Welcome back to Tax Day 2012. As procrastinators know, this is the drop-dead, absolutely final deadline to finish and file tax returns that you just couldn't get to in April ... or May or June or ... No judging here. I've been in your position before. So let's not waste any more valuable time. First, take a quick look at the earlier Countdown to Oct. 15 tax tips. You also might want to breeze through this year's Weekly and Daily tax tips for a few more filing ideas and reminders. This handy tax preparation checklist also makes a good filing... Read more →

The head-to-head match-up last week of Vice President Joe Biden and Republican nominee Rep. Paul "Call me Mister" Ryan marked the halfway point of the 2012 campaign debates. It also gave the number two guys on their respective tickets a chance to talk taxes. Or rather, as Citizens for Tax Justice (CTJ) put it, have a spirited discussion over their competing visions for tax policy. CTJ, whose analyses were mentioned frequently by Biden, kept track of the tax encounters and came up with the veep debate's tax top 10. That number also is this week's By the Numbers figure. In... Read more →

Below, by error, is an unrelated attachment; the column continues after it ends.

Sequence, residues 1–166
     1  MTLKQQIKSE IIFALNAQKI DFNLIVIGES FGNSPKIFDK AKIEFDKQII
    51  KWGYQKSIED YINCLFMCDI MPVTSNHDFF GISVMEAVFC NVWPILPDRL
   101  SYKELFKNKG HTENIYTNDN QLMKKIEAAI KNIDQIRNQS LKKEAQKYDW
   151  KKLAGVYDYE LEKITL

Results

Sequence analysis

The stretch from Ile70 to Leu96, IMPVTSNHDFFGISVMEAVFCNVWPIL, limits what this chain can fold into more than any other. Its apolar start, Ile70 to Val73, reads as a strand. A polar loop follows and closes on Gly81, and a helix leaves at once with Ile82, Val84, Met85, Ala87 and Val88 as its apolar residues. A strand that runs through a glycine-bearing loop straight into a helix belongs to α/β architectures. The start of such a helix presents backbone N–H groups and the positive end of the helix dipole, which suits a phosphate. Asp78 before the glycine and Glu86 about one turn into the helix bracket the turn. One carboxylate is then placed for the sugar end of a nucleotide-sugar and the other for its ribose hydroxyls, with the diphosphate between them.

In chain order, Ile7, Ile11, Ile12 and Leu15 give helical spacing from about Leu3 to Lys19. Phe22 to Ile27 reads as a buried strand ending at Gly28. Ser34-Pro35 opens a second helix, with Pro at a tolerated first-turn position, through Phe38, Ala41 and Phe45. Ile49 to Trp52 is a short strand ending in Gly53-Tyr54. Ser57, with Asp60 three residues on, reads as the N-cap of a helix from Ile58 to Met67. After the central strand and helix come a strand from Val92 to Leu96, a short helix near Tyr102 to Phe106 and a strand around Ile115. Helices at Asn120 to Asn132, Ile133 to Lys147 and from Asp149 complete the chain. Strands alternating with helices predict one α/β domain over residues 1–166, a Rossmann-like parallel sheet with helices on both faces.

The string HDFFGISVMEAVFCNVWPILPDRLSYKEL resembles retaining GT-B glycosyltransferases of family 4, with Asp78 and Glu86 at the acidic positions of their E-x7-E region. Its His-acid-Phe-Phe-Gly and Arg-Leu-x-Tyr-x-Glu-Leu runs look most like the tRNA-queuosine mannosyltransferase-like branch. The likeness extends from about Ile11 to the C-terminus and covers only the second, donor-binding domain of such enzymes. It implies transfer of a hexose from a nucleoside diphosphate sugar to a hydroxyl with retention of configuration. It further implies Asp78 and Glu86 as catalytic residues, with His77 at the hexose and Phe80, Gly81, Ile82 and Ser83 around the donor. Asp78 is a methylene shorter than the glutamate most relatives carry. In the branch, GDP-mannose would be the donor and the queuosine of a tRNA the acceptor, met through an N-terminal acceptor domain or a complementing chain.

You've gathered all your tax statements and you've discovered that you actually made more money than the Internal Revenue Service knows. Woo-hoo! Tax free income! Wrong. Sure, your neighbor paid you $400 for the weekend you spent making him a bookcase for his office. And you got $300 for the article you wrote about the project. Since both jobs paid less than $600, neither your neighbor nor the magazine had to issue you a 1099-MISC. That means the IRS didn't get a copy either. But technically, even if you don't get a tax statement the income is still taxable. This... Read more →

Would you be more inclined to pay your overdue tax bill if the Internal Revenue Service was able to report your tax delinquency to the national credit reporting agencies? That's one of the questions asked in a recent Government Accountability Office, or GAO, report about such a possibility. In its report to the chairman and ranking member of the Senate Finance Committee, the GAO noted that millions of people owe billions of dollars -- $258 billion in fiscal year 2011 alone -- and that the IRS spends substantial resources, both in dollars and personnel, trying to collect the overdue taxes.... Read more →